• I tutor children from the age of 7 (my average is 9yo) as they are usually able to cope with an hour 1:1 session (it’s very intensive, don’t forgets there aren’t 29 children to hide behind!) 
  • 11 plus or entrance exam tuition needs to begin from the end of year 4 as the exams are often in the first month of year 6. Small group work is great here as you get a real sense of camaraderie. 
  • We still need to catch up in the holidays. 6 weeks is a long time not to do anything. I still like to touch base with my students, but I try to make the sessions more relaxed and fun!
  • A good tutor is hard to find. Ask at the school first if other teachers tutor (not your own child’s teacher though). Ask friends. Get on waiting lists. Be honest and open. Ensure your child wants it too. Talk to your child’s teacher and tell them your plans. Be flexible with slots they can offer you but don’t waste your money with sessions that are really late in the evening when your child is just too tired. Make sure it’s a good fit!


Need to help your child keep up, catch up or feel confident in the classroom? Private tuition not an option?


Read on…



And ask them to be completely honest and open (some teachers still can’t tell it like it is for fear of upsetting parents) so be calm and open to feedback yourself.


Look through their past reports. Highlight key targets. Look at scores. Is anything going in the wrong direction? How does your child feel they are getting on? As the teacher what is being done to support them in the classroom? Are they meeting expectations? Are they part of any intervention groups?



In June 2020 the government announced £1 billion of funding to support children and young people to catch up on missed learning caused by coronavirus. Most schools are eligible and are using their money in various ways. I am one of the teachers at my school who is now working an extra day as covid support.


Schools can use their funding in any way that suits their cohort and circumstances, as long as it funds specific activities which will help pupils catch up on missed learning. Schools should particularly focus on disadvantaged and vulnerable pupils as we know they have been most affected. Ask your school what they are doing!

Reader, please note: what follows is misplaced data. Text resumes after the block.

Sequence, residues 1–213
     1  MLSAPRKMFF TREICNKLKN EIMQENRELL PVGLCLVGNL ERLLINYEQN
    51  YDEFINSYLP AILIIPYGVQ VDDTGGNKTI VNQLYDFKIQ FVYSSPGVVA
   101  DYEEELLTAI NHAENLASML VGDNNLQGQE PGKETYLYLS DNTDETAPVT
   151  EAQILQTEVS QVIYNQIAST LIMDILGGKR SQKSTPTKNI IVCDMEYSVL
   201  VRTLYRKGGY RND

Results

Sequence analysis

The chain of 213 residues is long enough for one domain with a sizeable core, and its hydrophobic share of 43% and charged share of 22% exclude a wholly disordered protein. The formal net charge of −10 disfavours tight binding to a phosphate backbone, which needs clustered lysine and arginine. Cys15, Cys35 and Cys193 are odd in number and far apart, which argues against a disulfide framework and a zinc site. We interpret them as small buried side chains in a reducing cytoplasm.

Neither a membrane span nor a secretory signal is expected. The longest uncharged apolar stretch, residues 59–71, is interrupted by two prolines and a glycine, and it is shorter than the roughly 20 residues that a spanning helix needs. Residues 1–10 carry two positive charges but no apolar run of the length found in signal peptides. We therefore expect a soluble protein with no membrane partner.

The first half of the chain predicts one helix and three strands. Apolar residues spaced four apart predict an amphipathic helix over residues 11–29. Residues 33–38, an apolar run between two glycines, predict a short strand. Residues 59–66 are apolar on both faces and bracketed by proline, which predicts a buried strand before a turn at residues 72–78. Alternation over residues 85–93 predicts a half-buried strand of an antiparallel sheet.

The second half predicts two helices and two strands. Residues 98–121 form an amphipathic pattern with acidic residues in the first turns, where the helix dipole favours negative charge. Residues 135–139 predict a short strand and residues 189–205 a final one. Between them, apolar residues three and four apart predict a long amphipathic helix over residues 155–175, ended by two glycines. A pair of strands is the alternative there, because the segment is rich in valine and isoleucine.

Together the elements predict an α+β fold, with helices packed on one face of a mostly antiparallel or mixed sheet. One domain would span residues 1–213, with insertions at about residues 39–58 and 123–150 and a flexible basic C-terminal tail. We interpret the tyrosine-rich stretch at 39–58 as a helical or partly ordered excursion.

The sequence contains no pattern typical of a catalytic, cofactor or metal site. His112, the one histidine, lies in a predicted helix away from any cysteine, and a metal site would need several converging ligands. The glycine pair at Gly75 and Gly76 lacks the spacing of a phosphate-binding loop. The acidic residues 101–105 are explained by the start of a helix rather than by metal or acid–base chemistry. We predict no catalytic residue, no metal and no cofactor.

The £350m NTP scheme was launched last June by the government to support disadvantaged pupils who had fallen behind their more affluent peers during the pandemic. 


Whether it be through an Academic Mentor, a tutor supplied through a Tution Partner or schools using their own staff, the programme has a range of options that schools can choose from. Schools can also identify which subjects pupils would most benefit from, whether tuition will take place before, during or after the school day and if it is provided online or face to face. My school has opted to use their own staff- myself included- to offer free high-quality tuition to families that need (and want it) 

Ask your school what they are doing?



Talk to the SENcO or your GP if your concerns go deeper. Speech and Language therapists and Occupational Therapists do not often come cheap on a private level (you can see them on the NHS but wait lists are usually high) but the results are usually amazing! 


The Well-being Practice in Brighton is one place that offers support and testing in the following areas- Strengths and Difficulties / Dyslexia / Dyspraxia / Dyscalculia / Dysgraphia / Concentration and Executive Functioning / Giftedness / Emotional wellbeing (self-concept, anxiety, lack of confidence, fear of failure) / Examination Access Arrangements.


Sessions are not cheap, but reports are incredibly thorough. This is not an ad but tell them Mrs Miller sent you if you enquire!